I'm writing a story about a sailor in an alien world, the world is exactly the same as Earth, except for one difference: this planet has nine moons. 5 moons go clockwise, while 4 go anti-clockwise All of these moons are similar in size of our own moon, and have similar orbits around the planet. However, my moons orbit at different altitudes, so they don't collide. What obstacles would the sailor face, if there were more moons. Will there also be any other gravity-made challenges, such as whirlpools or bigger waves. Also, would there possibly be more then two tides per day. This question has been identified as a possible duplicate of another question concerning tides, How would having multiple moons affect tides?, however my moons travel different way, so would this give different answers?
To answer your question only about how tides would be affected, the way the moon affects the tides right now is the same way that the sun does. The tides are pulled towards where the other object is, towards the opposite direction, and away from the 90 degree angles. That means the orientation of the moons is very important. Any "moons" at 90 degrees to each other will effectively cancel out each other's affect on the tides. If say, there were 4 in a + formation, with Earth at the center, they'd all do nothing.
So the question of how the tides would work is dependent on how you want the moons to be oriented. Regardless, just looking at two moons going in opposite directions (assuming they can't collide) then you can simplify it to be that they will go in a cycle of lining up - being at 90 degrees - being opposite - being at 90 degrees, in the course of half a month. This would make tides stronger whenever they're lined up or opposite, and tides weaker when they're at 90 degrees. But the question about how the moons are oriented throws a bit of a wrench into this rough calculation.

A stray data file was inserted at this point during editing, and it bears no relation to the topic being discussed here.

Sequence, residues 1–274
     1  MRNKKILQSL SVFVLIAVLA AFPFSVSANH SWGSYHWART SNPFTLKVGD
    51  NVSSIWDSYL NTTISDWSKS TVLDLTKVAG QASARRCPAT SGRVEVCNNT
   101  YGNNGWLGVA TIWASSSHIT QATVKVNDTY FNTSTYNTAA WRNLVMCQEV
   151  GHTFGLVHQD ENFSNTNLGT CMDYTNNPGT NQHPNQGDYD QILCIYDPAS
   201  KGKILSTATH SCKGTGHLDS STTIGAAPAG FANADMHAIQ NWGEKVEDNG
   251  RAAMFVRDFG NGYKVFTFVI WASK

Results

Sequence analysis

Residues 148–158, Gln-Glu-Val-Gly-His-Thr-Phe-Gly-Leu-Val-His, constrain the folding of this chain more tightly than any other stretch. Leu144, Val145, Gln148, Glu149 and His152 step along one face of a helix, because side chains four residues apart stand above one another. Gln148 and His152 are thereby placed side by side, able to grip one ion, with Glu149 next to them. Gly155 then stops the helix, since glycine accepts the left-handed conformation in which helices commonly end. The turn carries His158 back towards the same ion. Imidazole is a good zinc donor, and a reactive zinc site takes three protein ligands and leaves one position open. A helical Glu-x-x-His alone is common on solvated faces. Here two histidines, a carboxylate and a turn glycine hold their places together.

The Moon's gravity is what causes tides and other side effects on Earth because Luna is relatively close, but most of all, because it's exceedingly large for a satellite - if we look at the rest of the solar system, all satellites have a mass that's a tiny fraction of the planets they orbit.
If you want nine satellites orbiting an Earth-like planet, then they must be rather small and have orbits from the fairly close to the far, far away. Otherwise, their gravity interactions would render the orbits unstable. In fact, the presence of the Moon it's what makes sure that Earth is not going to have any other satellite but the tiny pieces of metal we put in LEO with our rockets.
As a result, you would have no tides at all. Any satellite big enough to cause noticeable effects on an Earth-like planet without disintegrating due to crossing the Roche limit or falling down onto the planet it's going to clear the rest of the available orbits out there.